Other ways of disguising MSG is to call it a different name. Common sources of processed free glutamate (MSG) are:
|Monosodium glutamate||Potassium glutamate|
|Hydrolysed vegetable protein||Malt extract|
|Hydrolysed plant protein||Yeast extract|
|Hydrolysed … anything||Natural flavouring|
|Plant protein extract||Calcium caseinate|
|Soy protein||Sodium caseinate|
|Vegetable protein extract||Spices|
|Anything … protein||Stock|
Symptoms from MSG include sweating, heart palpitations, sleeplessness, heartburn, asthma, rashes, nausea, migraines and stiff necks. Some people are more sensitive than others.Top
The sweet taste begins as carbohydrates are broken down by saliva. This prepares our body for a carbohydrate intake by preparing the enzymes required to digest the carbohydrates. Apart from us liking the sweet taste, sugar does not give us any essential nutrients. Artificial sweeteners cause weight gain by many mechanisms, such as causing unstable blood sugar levels, which increases the appetite and causes cravings for carbohydrates (sweets/sugar).
Sugar is not a nutritional requirement, but is in almost all processed foods. Low fat foods have sugar added to disguise the missing fats. Another source of sugar is in processed grains. These also break down through digestion into glucose. Excess glucose leads to high insulin levels and the storage of excess glucose as fat.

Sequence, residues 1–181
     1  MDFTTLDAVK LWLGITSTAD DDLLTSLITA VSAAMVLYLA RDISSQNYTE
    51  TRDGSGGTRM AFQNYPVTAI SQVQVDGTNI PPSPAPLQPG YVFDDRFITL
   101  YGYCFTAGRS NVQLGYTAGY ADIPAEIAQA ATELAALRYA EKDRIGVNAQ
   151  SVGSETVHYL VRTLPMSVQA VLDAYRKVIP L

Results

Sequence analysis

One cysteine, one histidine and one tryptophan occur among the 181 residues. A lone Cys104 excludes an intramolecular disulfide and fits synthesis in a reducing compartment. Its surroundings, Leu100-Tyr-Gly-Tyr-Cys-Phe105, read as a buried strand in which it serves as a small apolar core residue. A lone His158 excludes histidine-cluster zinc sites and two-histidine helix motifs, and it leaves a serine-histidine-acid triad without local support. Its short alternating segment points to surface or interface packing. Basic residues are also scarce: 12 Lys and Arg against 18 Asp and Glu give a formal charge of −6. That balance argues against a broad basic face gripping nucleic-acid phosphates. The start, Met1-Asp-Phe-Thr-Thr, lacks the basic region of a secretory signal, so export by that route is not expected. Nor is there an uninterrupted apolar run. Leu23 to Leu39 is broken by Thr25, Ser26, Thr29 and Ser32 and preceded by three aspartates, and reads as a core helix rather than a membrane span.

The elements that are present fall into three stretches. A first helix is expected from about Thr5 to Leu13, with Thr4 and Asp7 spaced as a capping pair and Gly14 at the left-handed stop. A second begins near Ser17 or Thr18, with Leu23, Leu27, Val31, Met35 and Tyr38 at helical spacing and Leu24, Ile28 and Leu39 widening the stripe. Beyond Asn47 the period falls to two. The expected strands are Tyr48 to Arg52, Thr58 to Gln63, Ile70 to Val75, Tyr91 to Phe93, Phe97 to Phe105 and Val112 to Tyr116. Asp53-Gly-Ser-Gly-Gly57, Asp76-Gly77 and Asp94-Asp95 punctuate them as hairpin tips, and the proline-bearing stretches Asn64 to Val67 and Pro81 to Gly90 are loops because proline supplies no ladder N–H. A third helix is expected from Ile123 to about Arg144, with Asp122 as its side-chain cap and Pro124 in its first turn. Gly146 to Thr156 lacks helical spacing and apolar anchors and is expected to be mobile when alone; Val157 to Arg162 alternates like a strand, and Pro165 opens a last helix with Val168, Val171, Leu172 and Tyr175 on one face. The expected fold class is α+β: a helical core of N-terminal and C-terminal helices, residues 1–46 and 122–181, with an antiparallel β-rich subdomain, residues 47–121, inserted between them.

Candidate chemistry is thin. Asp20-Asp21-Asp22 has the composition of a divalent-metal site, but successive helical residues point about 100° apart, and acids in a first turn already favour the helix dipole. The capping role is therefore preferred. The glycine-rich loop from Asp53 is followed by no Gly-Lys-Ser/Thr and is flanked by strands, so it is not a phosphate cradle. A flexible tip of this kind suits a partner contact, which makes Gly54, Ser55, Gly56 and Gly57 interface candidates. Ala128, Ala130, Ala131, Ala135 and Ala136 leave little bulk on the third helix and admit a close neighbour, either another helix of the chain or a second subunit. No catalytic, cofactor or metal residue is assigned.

Increased sugar intake can be linked to:
|Cardio Vascular Disease||Headaches|
|Eczema||Immune system disruption|
|Fatty liver||Weight gain|
Aspartame is another excitotoxin and it took 20 years of lobbying and debate before it was approved by the US Food and Drug Administration (FDA). This was despite scientific data showing a link to the development of brain tumours in rats. One month after approval for use in soft drinks the FDA commissioner, Arthur Hayes Jr. M.D., became a senior consultant for Burson-Marsteller, the Public Relations firm that managed G.D Searle’s account.
Aspartame is made up of methanol (10%), phenylalanine (50%) and aspartic acid (40%). Methanol breaks down into formic acid and formaldehyde in the body. Formaldehyde is a deadly neurotoxin. While formic acid is found in the venom of bee and ant stings. Phenylalanine in excess can cause the serotonin levels in the brain to decrease leading to disorders such as depression.